[Originally published in Movietone News 58-59, August, 1978]
If anyone had told me I was going to enjoy a movie called The Buddy Holly Story, I’d have nominated him as a prime candidate for the funny farm. But I went to see the thing at a trade screening on a slow summer afternoon, and I enjoyed it very much indeed. The pleasures were various. In a season dominated by movies hung on one musical hook or other and conceived as bubble gum for the eyes, ears, and mind, I took no small satisfaction in a film that not only served up distinctive music with gusto but did so without welshing on its obligation to move professionally and purposefully as film narrative. Also, with filmmakers at both the A and B levels shamelessly falling back on broad nostalgia as raison détre, structural strategy, and prime sales point, the makers of The Buddy Holly Story—the very title says it—had enough love and respect for the bygone sub-genre of the musical biopic to reach back and not merely recreate one as a sort of cinematic fossil exhibit in motion, but make a legitimate movie.
The film earns its right to stand up and represent, however fictionally and sentimentally, high and low points in the life of someone who changed the music and culture and life around him with what he did and how he did it on musical stages, in recording studios, in roller rinks and garages and agents’ offices and producers’ private sanctums. There’s a complete guilelessness and freedom from patronizing in the generic set-pieces: the run-ins with hometown folk who don’t appreciate the artist’s “sound,” the fluky first success, the comical/inspirational refusal to play the new music according to the tastes of exploitative middlemen, the life-or-death appearance before a potentially hostile audience (an exhilarating sequence as Buddy Holly and the Crickets, assumed to be a black group, show up and triumph at a Harlem music hall), the discovery of true love along the way to success, the breakup of lifelong friend- and partnerships as the star climbs higher and grows brighter. New director Steve Rash doesn’t grandstand or do anything to shift attention from where it belongs, on Holly and his music, but he keeps his movie lively to look at: in the way the boys and girls at the Lubbock, Texas rollerama start winking by in foreground silhouette as Holly’s group switches from Les Paul and Mary Ford to one of their own compositions, and the visual excitement builds in proportion to the musical; in a fluid, unbroken take that tracks Buddy and his partners from their Harlem dressingroom, down flights of stairs, closer and closer to an audibly worked-up audience who have no idea what’s about to be disclosed when those curtains open; in a wonderfully low-key moment in a car traveling between Lubbock and Nashville that, for the record, strikes me as one of the most unaffected and convincing attempts to show a song a-bornin’ I’ve ever encountered in a movie (Buddy in the backseat picking out a tentative tune on the guitar, Jesse improvising runs with his sticks on the upholstery and dashboard, Ray Bob thumping the steering wheel now and again, and the whole thing just yearning to turn into a full-fledged “Peggy Sue”—which it doesn’t).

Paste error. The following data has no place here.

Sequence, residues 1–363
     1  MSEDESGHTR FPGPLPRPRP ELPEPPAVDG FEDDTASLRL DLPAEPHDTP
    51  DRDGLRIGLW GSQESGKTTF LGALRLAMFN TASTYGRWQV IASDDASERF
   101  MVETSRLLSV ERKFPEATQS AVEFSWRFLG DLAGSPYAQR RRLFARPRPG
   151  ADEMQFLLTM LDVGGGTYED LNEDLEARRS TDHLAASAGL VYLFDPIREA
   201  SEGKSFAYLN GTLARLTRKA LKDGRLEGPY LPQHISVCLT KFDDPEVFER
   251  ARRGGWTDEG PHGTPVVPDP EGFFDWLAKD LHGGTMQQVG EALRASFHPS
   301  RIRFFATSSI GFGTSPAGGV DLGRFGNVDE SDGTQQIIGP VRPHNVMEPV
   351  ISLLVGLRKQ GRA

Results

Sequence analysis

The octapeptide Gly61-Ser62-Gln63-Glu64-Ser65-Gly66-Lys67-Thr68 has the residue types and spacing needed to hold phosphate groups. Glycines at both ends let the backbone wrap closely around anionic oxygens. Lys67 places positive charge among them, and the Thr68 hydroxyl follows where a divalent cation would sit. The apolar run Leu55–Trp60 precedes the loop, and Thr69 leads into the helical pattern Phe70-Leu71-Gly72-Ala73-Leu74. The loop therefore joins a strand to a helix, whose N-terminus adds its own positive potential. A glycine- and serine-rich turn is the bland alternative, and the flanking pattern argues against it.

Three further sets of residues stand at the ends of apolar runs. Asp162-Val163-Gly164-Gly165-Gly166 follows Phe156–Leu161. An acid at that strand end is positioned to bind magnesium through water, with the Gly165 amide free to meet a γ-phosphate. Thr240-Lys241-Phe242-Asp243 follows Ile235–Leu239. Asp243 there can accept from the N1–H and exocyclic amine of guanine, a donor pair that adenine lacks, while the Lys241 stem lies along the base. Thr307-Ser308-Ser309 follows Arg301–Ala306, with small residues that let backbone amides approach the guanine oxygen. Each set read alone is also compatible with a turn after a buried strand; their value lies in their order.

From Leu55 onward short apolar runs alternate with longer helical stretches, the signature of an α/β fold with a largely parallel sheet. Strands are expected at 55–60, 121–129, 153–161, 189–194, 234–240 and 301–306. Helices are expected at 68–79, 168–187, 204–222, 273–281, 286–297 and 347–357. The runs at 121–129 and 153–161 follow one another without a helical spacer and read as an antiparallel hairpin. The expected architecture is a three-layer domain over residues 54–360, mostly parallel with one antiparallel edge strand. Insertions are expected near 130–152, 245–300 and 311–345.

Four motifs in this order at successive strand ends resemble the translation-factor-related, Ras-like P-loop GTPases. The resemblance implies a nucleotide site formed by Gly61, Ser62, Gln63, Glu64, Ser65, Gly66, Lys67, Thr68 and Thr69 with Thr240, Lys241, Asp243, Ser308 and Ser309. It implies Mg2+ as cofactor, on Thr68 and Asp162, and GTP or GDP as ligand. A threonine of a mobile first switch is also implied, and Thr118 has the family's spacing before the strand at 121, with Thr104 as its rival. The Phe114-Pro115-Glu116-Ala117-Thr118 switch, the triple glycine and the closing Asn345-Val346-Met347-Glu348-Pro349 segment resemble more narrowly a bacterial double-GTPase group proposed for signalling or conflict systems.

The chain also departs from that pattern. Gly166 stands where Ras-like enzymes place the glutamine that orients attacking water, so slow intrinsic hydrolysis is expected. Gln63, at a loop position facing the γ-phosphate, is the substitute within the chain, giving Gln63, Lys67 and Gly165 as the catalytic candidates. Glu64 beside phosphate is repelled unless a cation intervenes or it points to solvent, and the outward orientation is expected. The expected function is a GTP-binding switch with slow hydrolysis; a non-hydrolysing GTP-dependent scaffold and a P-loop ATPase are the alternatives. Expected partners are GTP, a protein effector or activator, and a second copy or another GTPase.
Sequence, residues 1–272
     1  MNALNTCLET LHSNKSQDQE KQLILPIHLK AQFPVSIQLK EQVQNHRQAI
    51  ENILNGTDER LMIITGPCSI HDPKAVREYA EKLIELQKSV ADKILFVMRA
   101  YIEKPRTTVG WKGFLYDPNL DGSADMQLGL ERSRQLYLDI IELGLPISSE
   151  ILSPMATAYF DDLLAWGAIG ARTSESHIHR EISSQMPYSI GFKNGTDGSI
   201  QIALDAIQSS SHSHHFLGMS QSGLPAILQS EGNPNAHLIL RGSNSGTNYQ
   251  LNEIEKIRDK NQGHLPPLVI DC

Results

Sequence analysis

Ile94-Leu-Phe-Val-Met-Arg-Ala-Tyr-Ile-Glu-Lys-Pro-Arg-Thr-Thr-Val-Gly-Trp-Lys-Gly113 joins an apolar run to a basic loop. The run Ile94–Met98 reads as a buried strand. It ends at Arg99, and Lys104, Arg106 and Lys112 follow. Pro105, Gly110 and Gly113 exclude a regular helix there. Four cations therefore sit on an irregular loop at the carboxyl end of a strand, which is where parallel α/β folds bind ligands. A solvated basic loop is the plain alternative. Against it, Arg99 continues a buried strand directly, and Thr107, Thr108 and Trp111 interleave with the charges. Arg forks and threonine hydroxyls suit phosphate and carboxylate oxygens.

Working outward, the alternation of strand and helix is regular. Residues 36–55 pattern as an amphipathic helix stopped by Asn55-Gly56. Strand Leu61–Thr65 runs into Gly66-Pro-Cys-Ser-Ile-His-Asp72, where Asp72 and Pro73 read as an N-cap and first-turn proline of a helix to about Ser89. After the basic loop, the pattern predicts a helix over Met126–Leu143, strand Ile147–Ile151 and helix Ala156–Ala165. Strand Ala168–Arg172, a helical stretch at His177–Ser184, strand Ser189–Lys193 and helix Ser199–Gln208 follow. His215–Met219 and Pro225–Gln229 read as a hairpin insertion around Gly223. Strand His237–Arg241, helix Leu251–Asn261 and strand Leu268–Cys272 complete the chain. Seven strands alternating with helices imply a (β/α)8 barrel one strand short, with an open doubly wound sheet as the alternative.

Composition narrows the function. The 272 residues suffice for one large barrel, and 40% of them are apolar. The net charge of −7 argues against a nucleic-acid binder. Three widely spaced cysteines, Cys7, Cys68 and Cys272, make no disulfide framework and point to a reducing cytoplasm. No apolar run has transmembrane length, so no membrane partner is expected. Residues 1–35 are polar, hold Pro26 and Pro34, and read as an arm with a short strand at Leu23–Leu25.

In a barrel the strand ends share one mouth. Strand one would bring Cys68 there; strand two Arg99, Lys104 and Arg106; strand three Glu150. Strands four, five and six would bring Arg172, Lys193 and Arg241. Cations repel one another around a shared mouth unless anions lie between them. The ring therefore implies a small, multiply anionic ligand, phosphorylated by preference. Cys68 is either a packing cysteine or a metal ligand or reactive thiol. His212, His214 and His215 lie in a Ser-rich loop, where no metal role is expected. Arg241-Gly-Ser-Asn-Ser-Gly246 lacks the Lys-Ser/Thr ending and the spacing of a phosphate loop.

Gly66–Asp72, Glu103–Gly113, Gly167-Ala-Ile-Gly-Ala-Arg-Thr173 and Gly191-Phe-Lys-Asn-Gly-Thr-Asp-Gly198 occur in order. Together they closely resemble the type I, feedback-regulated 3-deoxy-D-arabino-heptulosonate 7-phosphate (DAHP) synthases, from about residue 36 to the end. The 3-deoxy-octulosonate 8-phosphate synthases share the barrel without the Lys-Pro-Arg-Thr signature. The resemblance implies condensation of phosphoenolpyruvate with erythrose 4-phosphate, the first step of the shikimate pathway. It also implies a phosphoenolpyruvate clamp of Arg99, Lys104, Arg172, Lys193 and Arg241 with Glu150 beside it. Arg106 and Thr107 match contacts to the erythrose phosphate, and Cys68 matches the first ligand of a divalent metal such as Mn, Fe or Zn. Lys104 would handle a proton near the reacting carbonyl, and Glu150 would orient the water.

But what really puts the movie over is the actor in the title role, Gary Busey. Busey has always had a really weird intensity about him, so that you don’t trust him not to start going to pieces right before your eyes (v. his troublemaking doper in Straight Time or The Masochist in Milius’s Big Wednesday). One slight turn of the head as he sits listening to the preacher in his hometown church inveigh against his kind of music as the work of the Devil promises an explosion—not at the windy parson or the congregation or his dubious parents, but through a series of compositions and performances that will simply give such nonsense the lie. He never acts more powerfully than when playing Holly in musical motion. (He, Don Stroud as drummer Jesse, and Charles—heretofore, Charlie—Martin Smith as bassman Ray Bob are actually doing everything it looks and sounds as if they’re doing, and none of it was rerecorded. It is a tribute to their energy and authenticity as screen presences that their very convincing musical performances seem markedly dimmer when merely listened to on the soundtrack album.) Like Ronee Blakley’s Barbara Jean in Nashville, Busey’s is a galvanic creation that absolutely states and describes how music and identity fuse incandescently when special beings step in front of an audience. And as with Barbara Jean, the snuffing-out of such a life at the height of creative power leaves the film audience feeling irreparably deprived. The
Buddy Holly Story ends with Busey/Holly charging through a medley of his most emblematic hits; he finishes “Not Fade Away,” cries “See ya next year!” to the Midwestern concert audience, and is held in freezeframe on the upsurge of that gesture; a title fades in to tell us, as we knew, that the 22-year-old Holly was killed later that night of February 3, 1959, in a plane crash near Clear Lake, Iowa. Film Row audiences are pretty tacky, by and large, but everyone in attendance that afternoon stayed seated and silent during the long end credits. That seemed to matter. It still does.
© 1978 Richard T. Jameson
THE BUDDY HOLLY STORY
Direction: Steve Rash. Screenplay: Robert Gittler, after a story by Steve Rash and Fred Bauer. Cinematography: Stevan Larner. Production design: Joel Schiller. Editing: David Blewitt. Songs and music: Buddy Holly (mostly). Music director: Joe Renzetti. Production: Fred Bauer; executive: Edward H. Cohen, Fred T. Kuehnert.
The players: Gary Busey, Don Stroud, Charles Martin Smith, Bill Jordan, Marcia Richwine, Conrad Janis, Albert Popwell, Amy Johnston, Dick O’Neil, Stymie Beard, Paul Mooney, Arch Johnson, Neva Patterson, Gailaird Sartain, Fred Travalena, Gloria Irricari.